Most cats are pros at using a litter box. Kittens are usually introduced to it by their mother and the ones that weren’t, catch on really fast. So happily for humans, there’s typically very little training or effort required on our part.

But what if a cat just won’t use the litter box? Unfortunately, it’s a fairly common issue and is one of the main reasons cats are surrendered to shelters and rescues.

If you’re singing the litter box blues, don’t give up! There are ways to tackle this annoying, frustrating and smelly issue.

Visit the vet.
If your usually reliable kitty has started missing the litter box, make an appointment with your vet ASAP. They’ll be able to identify or rule out any underlying problems, such as a bladder infection, that could be causing the issue. Once you know it’s not a health problem, you can start addressing other possible causes.

It’s all in the numbers.
If you have multiple cats, it’s important to provide them with an appropriate number of litter boxes. Some cats simply don’t like to share, so they opt for the carpet, bed or other inappropriate areas. Prevent litter box overcrowding by having at least one box per cat.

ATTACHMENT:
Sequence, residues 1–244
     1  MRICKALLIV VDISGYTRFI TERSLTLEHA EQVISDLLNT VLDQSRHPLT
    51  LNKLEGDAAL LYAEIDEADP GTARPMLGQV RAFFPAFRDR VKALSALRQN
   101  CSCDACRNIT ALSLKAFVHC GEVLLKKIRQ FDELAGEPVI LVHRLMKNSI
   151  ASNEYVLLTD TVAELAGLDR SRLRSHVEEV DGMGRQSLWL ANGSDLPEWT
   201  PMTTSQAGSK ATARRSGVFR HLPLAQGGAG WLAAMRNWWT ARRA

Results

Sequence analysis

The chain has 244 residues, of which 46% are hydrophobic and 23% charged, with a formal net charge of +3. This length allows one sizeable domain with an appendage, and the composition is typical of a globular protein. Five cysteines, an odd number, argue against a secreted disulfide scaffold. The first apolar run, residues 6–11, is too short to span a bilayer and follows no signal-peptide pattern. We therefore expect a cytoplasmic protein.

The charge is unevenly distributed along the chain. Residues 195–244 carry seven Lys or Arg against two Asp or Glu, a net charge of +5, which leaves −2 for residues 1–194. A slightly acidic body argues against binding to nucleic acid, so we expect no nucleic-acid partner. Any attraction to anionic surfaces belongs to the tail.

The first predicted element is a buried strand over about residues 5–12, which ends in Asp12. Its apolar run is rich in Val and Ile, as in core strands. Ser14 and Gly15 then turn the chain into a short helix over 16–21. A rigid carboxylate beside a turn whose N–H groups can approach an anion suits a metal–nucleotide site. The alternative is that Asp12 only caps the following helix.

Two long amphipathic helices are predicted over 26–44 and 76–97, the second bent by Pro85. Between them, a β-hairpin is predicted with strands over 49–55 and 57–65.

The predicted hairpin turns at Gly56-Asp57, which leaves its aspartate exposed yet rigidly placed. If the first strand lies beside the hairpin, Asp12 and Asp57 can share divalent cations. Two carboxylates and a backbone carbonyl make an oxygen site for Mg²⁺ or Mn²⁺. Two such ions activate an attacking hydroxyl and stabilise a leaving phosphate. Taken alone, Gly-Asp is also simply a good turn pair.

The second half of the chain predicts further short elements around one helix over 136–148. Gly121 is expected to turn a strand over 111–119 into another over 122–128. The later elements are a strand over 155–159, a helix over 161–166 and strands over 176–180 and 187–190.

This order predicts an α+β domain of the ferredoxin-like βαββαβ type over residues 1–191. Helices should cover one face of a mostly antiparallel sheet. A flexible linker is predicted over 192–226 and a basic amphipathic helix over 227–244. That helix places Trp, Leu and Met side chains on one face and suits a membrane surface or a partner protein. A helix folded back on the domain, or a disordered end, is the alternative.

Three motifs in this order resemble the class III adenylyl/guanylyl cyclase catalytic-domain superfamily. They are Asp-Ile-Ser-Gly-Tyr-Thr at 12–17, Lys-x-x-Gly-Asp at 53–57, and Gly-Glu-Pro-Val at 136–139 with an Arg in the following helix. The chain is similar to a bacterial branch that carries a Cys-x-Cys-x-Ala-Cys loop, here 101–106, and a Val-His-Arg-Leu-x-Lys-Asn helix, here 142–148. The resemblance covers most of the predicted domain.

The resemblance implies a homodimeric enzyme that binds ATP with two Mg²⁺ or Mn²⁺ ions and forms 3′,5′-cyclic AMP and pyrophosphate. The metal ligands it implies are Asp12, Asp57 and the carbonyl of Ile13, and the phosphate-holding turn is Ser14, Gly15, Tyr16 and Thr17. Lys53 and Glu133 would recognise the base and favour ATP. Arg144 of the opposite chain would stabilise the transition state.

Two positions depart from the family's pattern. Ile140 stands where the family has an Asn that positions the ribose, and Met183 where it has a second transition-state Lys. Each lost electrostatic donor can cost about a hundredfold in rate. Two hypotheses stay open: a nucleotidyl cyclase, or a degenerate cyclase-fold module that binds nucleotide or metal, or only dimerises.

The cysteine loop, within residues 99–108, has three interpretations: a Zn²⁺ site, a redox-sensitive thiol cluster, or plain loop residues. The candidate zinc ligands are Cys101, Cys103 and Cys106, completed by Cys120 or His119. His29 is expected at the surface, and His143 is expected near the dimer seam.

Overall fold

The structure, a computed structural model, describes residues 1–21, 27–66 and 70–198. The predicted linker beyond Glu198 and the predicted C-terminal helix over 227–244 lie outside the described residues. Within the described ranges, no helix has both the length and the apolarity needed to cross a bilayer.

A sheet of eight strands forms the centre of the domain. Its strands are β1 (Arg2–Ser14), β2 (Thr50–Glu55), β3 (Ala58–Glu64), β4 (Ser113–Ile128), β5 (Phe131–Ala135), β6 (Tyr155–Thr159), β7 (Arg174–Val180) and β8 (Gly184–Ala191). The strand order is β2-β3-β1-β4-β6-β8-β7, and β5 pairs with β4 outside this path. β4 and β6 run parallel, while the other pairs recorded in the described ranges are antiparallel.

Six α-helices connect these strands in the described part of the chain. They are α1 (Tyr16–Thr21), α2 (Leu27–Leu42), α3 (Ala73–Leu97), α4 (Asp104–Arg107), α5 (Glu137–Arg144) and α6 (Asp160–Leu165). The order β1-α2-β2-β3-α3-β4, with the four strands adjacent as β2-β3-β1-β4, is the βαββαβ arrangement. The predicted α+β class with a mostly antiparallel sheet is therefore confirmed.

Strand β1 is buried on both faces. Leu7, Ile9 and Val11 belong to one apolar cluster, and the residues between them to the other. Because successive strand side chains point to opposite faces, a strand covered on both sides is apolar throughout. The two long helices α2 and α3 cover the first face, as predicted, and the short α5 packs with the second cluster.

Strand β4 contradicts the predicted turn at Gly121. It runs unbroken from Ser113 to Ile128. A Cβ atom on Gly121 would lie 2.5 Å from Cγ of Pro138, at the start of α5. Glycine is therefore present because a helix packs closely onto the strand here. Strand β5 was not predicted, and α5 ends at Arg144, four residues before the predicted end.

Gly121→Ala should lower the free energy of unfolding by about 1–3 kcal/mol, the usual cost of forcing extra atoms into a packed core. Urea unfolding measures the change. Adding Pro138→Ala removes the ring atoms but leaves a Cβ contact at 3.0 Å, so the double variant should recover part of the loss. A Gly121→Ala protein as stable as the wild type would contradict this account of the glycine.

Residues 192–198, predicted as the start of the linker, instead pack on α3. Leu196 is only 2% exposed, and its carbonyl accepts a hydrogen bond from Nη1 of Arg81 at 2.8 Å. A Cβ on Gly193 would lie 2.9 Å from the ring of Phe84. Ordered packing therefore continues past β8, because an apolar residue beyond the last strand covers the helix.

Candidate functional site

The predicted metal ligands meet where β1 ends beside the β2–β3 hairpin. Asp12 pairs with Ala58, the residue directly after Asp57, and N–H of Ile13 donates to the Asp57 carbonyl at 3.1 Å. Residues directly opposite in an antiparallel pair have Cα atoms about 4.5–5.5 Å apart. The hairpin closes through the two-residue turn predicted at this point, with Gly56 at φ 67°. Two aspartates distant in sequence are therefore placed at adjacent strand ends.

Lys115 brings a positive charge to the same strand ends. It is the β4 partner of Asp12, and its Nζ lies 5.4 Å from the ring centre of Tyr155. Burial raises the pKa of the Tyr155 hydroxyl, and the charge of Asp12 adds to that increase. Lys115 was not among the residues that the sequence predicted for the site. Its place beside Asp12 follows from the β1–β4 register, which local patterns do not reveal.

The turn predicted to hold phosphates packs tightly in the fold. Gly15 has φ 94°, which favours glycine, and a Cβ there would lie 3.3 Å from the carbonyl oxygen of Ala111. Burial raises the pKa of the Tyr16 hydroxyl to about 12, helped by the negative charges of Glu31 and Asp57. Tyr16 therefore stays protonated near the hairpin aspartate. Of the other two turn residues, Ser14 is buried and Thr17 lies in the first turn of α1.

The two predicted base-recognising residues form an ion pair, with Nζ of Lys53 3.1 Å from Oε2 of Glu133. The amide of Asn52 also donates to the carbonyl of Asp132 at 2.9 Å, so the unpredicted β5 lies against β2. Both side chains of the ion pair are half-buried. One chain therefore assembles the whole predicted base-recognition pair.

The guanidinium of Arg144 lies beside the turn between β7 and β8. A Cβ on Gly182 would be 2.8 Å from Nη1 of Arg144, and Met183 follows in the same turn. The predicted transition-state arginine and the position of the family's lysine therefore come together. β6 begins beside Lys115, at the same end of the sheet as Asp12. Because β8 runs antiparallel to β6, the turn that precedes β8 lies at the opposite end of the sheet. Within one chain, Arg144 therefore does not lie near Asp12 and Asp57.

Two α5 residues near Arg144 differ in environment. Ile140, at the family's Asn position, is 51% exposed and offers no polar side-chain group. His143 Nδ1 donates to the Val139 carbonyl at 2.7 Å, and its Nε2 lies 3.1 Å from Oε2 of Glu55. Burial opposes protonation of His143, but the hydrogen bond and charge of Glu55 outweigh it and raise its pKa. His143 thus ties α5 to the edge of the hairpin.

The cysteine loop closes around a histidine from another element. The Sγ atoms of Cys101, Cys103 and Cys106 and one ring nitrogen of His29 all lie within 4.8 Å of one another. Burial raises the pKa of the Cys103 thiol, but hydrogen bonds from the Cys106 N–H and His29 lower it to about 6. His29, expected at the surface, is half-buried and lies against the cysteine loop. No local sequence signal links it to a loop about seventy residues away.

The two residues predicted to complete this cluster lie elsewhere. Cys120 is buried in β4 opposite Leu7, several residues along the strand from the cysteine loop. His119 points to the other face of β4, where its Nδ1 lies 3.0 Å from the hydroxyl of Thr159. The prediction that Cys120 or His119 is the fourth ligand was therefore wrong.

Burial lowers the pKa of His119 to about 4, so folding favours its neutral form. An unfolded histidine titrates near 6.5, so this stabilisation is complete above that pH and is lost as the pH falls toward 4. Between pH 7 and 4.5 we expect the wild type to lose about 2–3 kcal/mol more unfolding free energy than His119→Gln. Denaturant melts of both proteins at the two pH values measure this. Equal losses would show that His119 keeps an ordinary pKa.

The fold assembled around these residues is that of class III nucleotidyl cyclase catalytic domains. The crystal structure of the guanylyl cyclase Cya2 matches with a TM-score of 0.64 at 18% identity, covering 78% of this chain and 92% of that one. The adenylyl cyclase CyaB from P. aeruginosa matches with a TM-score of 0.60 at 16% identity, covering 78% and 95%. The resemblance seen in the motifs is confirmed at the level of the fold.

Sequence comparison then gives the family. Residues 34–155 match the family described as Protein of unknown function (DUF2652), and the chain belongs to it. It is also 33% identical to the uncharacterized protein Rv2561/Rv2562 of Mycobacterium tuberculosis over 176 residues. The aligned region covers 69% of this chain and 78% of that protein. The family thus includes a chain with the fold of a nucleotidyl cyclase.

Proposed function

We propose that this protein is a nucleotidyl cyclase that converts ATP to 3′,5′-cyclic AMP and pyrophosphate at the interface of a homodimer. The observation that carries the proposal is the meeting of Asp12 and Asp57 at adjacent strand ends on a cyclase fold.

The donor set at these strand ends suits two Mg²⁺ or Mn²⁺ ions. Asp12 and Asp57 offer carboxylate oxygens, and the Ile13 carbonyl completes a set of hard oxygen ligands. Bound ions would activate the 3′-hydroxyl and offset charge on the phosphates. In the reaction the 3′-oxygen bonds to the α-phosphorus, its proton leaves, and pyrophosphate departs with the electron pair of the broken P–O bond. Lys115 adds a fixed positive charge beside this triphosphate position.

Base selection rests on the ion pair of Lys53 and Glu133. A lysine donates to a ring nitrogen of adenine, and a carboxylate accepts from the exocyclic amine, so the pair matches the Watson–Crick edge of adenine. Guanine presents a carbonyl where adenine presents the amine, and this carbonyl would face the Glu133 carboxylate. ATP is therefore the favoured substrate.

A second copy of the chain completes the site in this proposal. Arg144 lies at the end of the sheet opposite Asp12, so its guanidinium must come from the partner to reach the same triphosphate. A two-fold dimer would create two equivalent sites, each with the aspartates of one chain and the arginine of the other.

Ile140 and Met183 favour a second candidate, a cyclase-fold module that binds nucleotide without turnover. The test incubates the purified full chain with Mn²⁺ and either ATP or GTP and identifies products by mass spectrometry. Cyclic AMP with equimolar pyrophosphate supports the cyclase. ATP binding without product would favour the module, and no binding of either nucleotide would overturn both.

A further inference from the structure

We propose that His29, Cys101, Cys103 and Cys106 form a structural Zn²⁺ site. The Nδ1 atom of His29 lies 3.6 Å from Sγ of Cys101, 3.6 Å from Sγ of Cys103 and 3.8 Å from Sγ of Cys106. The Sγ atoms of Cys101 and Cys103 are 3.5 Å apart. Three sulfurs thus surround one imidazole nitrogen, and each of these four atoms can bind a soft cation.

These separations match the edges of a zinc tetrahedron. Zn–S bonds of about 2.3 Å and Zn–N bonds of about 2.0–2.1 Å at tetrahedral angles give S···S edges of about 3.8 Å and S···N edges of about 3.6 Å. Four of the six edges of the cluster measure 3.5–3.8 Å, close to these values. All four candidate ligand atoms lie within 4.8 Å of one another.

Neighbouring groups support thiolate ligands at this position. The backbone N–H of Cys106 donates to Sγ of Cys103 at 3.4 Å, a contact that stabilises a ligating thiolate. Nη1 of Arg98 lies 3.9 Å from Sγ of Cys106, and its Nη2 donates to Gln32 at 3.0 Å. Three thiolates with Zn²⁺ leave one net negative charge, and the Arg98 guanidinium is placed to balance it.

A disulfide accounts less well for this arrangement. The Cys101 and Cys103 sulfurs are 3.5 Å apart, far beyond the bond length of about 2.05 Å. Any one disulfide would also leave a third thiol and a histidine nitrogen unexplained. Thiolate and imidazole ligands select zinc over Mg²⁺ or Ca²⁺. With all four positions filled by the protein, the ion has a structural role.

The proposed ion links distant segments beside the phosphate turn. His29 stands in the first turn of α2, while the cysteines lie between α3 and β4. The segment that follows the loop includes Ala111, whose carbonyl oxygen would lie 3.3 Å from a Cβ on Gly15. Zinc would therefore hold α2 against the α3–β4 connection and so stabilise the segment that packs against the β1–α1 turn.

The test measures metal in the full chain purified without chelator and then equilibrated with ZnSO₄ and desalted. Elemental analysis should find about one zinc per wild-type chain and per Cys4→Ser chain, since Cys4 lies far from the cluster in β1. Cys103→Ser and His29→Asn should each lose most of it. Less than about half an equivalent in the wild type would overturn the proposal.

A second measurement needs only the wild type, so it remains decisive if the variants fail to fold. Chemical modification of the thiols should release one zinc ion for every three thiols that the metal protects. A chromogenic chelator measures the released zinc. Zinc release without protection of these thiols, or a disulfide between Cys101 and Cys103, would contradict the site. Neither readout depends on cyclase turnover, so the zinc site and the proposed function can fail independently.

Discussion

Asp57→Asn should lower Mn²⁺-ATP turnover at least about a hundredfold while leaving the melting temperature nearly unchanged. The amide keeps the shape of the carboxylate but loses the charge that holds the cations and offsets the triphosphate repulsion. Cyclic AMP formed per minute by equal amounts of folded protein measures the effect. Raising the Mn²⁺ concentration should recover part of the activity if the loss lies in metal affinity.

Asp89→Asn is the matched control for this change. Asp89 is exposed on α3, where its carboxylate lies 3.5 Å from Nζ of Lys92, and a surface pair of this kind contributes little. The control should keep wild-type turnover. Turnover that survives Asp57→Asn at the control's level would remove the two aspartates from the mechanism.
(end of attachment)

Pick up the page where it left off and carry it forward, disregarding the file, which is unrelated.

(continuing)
Location, location, location
Who doesn’t want a little privacy when it comes time to “go”? Our cats are no different. So make sure their boxes are in a quiet, out of the way location with minimal traffic. Try to prevent anything unpleasant happening near the litter box, which could make your cat wary about visiting it again.

Use the right litter.
Provide your cat with a super-premium, quality brand such as Cats Incredible™ Unscented litter. Make sure the box contains enough litter for digging and burying—about two to three inches should be sufficient.

Keep it clean.
The number one reason cats stop using the litterbox is because it’s dirty and smells of ammonia. Clean out the box at least once a day, and wash it out monthly with liquid dishwashing detergent and baking soda. For an even more pleasant experience, Cats Incredible™ Litter with Smell Squasher actually prevents ammonia from forming and comes in a nose-pleasing lavender scent.

With just a little patience and effort, you and your best feline friend will go from singing the litter box blues to whistling a happy tune!

By Doc Halligan